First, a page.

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Multi-day projects involving real data allow students to investigate applied topics in depth. By incorporating many facets of data analysis (evaluating data validity, identifying outliers, describing patterns, drawing conclusions, etc.), projects help students develop both basic quantitative skills and higher-level critical thinking abilities.

One of the extended projects that we use in our interdisciplinary mathematics and environmental science course links the mathematics of normal distributions with the science of hazardous waste. Students are presented with hazardous waste production data from the U.S. Environmental Protection Agency's Biennial Reporting System, the only nationwide, uniform database on hazardous waste generation and management. Hazardous materials, such as lead and toluene, are categorized and monitored under the Resource Conservation and Recovery Act (RCRA). See Background Information on Hazardous Waste.

Data for the hazardous waste project can be found at the QELP web site as Data Set #003, a compilation from 12 states for the years 1989-1997. In our course, we prefer that each group work with a different data set, and so the compiled data are broken down by state. The state-by-state data (in Excel format only) are found in the About the Data section of Data Set #003. We present each group with a data sheet (click here to see the data sheet for Illinois) that lists county population and biennial RCRA data. Our students use a graphing calculator (the TI-83 Plus), so we download the data to their calculators. For courses using spreadsheet or statistical software, we recommend that students download state data directly from the QELP web site, and then create and print their own data sheets.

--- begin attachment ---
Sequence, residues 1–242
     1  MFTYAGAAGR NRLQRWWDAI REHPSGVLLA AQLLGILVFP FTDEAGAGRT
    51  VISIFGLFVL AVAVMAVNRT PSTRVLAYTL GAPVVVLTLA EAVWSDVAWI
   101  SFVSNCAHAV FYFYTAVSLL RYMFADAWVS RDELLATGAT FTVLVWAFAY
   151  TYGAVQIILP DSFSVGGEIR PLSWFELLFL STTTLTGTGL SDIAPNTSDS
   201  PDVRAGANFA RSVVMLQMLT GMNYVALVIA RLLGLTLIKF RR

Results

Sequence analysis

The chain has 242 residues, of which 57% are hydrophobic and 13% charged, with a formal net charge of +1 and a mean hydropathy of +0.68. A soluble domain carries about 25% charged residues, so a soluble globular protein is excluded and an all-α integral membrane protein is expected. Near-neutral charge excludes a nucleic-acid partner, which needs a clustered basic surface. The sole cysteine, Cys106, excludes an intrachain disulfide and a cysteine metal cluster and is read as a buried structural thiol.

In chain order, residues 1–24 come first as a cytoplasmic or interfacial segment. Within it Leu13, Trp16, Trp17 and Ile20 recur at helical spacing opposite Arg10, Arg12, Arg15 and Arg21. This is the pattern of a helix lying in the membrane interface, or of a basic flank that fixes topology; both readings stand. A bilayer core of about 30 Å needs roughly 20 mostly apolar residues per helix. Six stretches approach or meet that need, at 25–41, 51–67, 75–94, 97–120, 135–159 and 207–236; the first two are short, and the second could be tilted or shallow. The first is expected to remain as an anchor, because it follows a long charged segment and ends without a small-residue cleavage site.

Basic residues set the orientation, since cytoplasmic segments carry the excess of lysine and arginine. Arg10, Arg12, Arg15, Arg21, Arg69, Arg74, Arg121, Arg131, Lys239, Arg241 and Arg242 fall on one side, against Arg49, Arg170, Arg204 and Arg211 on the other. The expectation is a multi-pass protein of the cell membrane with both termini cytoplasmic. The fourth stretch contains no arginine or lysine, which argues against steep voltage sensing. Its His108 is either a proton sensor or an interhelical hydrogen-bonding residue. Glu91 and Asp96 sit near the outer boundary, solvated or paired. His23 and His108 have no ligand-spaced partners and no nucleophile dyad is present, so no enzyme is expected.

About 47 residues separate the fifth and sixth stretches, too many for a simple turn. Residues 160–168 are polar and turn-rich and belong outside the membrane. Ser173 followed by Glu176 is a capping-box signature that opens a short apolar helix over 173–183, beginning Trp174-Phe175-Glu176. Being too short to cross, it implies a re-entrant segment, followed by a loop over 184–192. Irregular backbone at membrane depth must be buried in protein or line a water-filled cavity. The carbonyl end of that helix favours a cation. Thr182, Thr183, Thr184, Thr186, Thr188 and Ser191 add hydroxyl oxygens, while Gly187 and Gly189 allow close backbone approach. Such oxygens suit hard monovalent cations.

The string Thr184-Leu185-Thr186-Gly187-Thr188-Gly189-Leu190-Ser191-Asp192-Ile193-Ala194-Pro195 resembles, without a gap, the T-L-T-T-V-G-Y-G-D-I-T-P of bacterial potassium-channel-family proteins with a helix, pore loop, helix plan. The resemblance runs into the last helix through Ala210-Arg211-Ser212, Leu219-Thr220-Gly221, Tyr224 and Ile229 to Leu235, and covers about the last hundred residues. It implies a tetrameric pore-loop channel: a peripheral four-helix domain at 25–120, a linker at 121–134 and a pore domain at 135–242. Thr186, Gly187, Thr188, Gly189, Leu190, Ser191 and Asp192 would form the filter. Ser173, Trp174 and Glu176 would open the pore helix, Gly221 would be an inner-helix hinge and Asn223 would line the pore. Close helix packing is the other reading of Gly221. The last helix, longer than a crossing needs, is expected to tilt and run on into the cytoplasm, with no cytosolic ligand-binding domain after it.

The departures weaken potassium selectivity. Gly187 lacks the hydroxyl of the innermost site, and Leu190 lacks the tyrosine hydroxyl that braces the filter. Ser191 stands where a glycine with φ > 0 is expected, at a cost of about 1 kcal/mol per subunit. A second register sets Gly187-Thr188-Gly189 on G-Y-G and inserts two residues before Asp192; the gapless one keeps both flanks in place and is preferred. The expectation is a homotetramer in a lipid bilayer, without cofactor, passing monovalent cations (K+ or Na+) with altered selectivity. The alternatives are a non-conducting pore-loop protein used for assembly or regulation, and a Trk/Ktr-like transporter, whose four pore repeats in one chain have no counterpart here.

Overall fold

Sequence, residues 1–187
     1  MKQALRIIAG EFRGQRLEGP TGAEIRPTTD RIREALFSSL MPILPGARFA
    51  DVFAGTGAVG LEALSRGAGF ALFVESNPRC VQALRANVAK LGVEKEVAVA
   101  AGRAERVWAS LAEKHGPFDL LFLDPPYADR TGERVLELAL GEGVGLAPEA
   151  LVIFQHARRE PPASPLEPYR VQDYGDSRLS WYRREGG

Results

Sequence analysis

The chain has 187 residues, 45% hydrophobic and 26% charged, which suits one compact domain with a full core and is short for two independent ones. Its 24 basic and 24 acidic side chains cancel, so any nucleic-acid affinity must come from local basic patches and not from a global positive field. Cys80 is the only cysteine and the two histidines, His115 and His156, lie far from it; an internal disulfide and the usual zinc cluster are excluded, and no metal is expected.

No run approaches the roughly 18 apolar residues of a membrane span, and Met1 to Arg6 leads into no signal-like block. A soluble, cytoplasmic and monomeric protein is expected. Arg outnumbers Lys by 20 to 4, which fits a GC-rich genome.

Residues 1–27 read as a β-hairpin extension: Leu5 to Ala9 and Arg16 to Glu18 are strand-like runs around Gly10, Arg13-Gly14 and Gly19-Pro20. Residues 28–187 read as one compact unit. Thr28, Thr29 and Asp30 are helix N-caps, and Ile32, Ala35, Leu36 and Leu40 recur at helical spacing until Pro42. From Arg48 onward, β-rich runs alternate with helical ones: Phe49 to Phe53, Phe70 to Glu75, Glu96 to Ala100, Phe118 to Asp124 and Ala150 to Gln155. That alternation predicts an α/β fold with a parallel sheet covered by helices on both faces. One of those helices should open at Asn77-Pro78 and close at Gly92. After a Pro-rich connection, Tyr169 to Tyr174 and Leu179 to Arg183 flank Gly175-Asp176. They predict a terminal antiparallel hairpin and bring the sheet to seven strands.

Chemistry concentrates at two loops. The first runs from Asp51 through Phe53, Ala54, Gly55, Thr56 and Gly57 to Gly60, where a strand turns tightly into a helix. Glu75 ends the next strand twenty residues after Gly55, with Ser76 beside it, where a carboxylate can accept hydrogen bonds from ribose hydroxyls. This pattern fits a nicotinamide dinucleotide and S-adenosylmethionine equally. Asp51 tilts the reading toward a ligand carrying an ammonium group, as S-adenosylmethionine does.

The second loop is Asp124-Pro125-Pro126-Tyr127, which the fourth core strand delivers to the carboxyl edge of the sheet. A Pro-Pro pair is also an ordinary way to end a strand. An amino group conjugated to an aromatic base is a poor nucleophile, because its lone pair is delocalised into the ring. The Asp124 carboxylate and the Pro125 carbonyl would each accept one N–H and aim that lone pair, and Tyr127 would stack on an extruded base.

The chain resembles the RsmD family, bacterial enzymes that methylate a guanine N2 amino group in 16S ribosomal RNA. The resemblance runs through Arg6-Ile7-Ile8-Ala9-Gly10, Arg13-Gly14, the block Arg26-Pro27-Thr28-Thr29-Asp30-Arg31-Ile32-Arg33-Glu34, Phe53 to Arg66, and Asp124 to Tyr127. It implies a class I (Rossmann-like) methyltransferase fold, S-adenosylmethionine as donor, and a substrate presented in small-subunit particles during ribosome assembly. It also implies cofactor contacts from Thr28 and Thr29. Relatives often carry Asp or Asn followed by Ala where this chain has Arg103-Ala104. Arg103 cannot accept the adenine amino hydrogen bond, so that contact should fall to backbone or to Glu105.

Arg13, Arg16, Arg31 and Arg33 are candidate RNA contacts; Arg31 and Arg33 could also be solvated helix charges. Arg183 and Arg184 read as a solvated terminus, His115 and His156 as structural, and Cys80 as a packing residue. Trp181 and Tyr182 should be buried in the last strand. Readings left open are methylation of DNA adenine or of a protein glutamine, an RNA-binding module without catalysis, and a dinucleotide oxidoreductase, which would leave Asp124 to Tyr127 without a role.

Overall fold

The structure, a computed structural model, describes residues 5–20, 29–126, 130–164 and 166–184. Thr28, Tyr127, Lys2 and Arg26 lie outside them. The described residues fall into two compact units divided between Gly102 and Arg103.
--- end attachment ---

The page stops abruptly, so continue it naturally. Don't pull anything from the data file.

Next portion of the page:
In the project, we first ask students to note any unusually large changes in RCRA waste production from biennium to biennium. RCRA waste production in each county often varies over several orders of magnitude. Students calculate the mean RCRA waste production over an 8-year period for each of the counties and observe that the county mean RCRA values are fairly skewed. Students progressively work toward obtaining normally distributed data by computing per capita waste production and then transforming the per capita data using logarithms. Students are also questioned about a proposed enforcement/regulatory scheme ("carrots and sticks"). The enforcement rubric creates a utilitarian aspect to the mathematical analysis at several steps in the project. Students generate increasingly more sophisticated punishment and reward schemes, including one based on z-scores.

A slightly condensed version of the project can be viewed here: Hazardous Waste Project (HTML). The complete project, with background information and state data sheets, can be downloaded as a Word document here: Hazardous Waste Project (Word).

Greg Langkamp and Joe Hull, "Classroom-Ready Data Sets in Environmental Math - A Student Project," *Convergence* (December 2004)

Journal of Online Mathematics and its Applications